Back in the spring of this year, there was an intense peer-pressure situation sweeping Marine Corps Air Station (MCAS) Iwakuni — no, not in an afterschool-special, say-no-to-drugs kind of way. Residents were pressured by friends and neighbors and Facebook groups to complete the Living Pattern Survey (LPS) in an attempt to adjust the Cost of Living Allowance (COLA) rate, making it more in line with living expenses in the region. Surveys were taken by service members and military spouses at U.S. bases all over Japan. The results are in and they’re hitting your paycheck as soon as right now. Let’s get into the COLA changes sweeping the U.S. bases in the land of the rising sun.
We know there’s only one reason you’re reading this: You want to know how much more (or less) you’re getting on each paycheck. So, let’s get into the results.
- Iwakuni, this year’s big winner, is getting a six-point raise in COLA, from 122 to 128.
- Yokota will see a four-point raise, going from 118 to 122.
- Misawa gets the same four-point raise, moving from 124 to 128.
- Sasebo squeaks out a small increase of two points, taking them from 122 to 124.
- Camp Fuji will see the biggest drop in COLA, going from 124 to 118 — a six-point loss.
- Camp Zama’s COLA will decrease by four points, dropping from 130 to 126.
- Naval Air Station Atsugi will see a COLA decrease from 124 to 122.
- Anyone stationed in Okinawa will also see a slight COLA drop, from 120 to 118.
Yokosuka and Yokohama won’t see any change in COLA this go around.
Just when you’ll see the changes hit, depends. According to a Stars and Stripes article released on October 19th, any service members receiving a bump in COLA will see those changes reflected in November paychecks. If you’re expecting a decrease, you get a few extra weeks of riding high — decreases go into effect beginning in December 2018.
The Value of a Point
We get it. You’re thinking, “What the heck do I do with points? Last time I checked, the commissary does business in dollars.” Aside from just making a confusing, math-heavy concept even muddier, the point system is simply a percentage. If you think of the cost of living in the United States as 100 (yeah, we know, it varies state-to-state, but let’s stay on track), any number over 100 is how much more expensive it is, percentage-wise, to support a family where you’re stationed. Take Sasebo, for example. At the new COLA rate, 124, we’re basically gathering that it’s 24 percent more expensive to live in Sasebo, Japan than it is to live in the U.S.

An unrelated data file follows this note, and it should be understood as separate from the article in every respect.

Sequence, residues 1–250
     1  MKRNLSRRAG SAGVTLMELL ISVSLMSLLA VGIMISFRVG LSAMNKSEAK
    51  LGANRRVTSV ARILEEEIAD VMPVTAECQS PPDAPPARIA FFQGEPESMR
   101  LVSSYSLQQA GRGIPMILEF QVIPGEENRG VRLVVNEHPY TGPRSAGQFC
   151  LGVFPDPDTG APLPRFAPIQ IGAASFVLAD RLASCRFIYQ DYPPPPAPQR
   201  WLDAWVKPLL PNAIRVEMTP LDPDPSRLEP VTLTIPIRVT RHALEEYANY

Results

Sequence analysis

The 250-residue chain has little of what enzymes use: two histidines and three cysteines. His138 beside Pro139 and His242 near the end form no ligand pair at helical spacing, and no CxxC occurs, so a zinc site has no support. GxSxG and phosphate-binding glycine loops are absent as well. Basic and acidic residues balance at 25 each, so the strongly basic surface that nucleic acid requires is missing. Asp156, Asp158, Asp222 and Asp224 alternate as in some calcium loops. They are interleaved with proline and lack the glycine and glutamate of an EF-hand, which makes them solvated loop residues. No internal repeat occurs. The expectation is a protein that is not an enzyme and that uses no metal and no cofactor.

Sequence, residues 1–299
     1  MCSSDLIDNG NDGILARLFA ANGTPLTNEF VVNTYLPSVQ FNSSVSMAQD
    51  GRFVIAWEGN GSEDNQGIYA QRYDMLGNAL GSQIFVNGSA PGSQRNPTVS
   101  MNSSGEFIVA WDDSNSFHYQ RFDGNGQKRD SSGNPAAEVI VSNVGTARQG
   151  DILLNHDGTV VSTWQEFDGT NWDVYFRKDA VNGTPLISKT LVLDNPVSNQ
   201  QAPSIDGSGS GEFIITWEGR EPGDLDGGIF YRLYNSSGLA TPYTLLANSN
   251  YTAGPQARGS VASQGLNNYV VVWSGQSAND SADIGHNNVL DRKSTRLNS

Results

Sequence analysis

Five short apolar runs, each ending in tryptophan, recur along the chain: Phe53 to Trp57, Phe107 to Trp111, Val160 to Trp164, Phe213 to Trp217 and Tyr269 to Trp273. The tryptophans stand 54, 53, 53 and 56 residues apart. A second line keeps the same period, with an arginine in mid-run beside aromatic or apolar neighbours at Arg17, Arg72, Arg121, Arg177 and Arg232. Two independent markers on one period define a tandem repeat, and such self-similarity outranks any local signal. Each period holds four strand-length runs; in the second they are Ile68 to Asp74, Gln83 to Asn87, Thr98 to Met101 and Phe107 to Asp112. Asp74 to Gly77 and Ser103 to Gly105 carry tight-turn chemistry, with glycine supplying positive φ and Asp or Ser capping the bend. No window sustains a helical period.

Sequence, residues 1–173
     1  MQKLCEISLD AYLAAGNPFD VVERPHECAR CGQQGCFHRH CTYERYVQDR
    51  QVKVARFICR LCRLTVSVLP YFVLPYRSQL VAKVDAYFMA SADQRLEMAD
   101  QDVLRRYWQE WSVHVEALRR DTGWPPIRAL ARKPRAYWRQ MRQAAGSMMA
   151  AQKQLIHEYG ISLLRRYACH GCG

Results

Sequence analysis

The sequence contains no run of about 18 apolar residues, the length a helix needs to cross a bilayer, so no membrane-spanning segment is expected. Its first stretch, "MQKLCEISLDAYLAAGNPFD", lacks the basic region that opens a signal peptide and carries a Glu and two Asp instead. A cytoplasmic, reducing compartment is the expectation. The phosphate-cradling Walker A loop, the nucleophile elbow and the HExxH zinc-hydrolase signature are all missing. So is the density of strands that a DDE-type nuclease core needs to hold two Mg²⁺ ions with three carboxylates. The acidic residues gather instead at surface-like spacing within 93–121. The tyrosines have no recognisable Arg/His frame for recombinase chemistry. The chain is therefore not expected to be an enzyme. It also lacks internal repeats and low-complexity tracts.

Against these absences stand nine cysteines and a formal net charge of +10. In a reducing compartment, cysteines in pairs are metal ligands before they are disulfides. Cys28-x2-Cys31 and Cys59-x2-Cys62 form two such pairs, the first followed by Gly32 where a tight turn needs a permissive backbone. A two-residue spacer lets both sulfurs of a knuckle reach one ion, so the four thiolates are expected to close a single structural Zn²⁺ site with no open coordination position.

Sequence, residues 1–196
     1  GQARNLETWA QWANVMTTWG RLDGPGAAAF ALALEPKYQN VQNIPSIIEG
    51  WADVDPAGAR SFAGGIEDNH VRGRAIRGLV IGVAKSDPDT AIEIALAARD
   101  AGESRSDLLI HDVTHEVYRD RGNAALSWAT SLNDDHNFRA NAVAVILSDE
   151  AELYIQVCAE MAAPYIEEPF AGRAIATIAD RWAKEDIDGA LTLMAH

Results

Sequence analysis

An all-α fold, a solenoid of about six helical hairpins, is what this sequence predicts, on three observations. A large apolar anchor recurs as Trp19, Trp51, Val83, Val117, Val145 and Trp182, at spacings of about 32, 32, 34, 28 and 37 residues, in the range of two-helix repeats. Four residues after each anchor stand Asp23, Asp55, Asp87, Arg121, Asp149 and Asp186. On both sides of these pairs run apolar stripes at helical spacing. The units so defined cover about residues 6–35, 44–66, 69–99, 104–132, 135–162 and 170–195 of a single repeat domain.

To keep you from going cross-eyed as you try to multiply, move decimals, and carry the two, the Defense Travel Management Office (DTMO) will do the number crunching for you with its Overseas COLA Calculator. Choose the year, month, pay period, and your duty station up top, and pay grade, years served, number of dependents, and yay or nay on barracks living at the bottom. You’ll be able to see what your current COLA rate is and compare it to previous pay periods to see how much more or less you’re bringing home.
If you’re bored and playing around with the DTMO calculator — never know, maybe you’re caught up on your Netflix programs or you’re sitting on the sidelines waiting for your kid’s practice to wrap up — you’ll notice that COLA rates aren’t one-size-fits-all. Daily rates are determined by location, pay grade, years served, the number of dependents, and your housing situation. And, since COLA is calculated on a daily basis, your COLA grand total for the first through the 15th of each month could be slightly different from your total for the 16th through the end of the month (EOM). So, your best bet is to use that DTMO calculator — that’s the easiest way to know exactly what changes to expect.
Good News and Bad News
Since U.S. bases in Japan are essentially split down the middle of this rate change, we get that this isn’t good news for everyone. But, these rates aren’t forever.
The LPS — the reason for this big change — is conducted every three years. But, it’s only one of three components of setting COLA rates. The Retail Pricing Schedule (RPS) happens annually; it’s basically a price report of what is called a “market basket” for basic goods and services, both on and off base. DTMO also tracks the currency exchange rate and adjusts COLA accordingly as often as each pay period, but these changes are typically very minor when they do occur.
Can’t Complain if You Don’t Vote
Oh, where are they? Where are the Facebook warriors ready to protest the changes that didn’t take the survey. Come on out — this is a safe space. Complaining once the results are final won’t put more COLA in your pocket, but participating in the survey (and getting your friends and neighbors to do the same) when it is offered can.
How often do you really get to have a say in military pay? This is a unique opportunity to impact the pay that will support your family’s day-to-day life. The more data available to the decision makers, the better job they can do setting a realistic COLA rate for your area. Don’t brush the opportunity off when it comes around.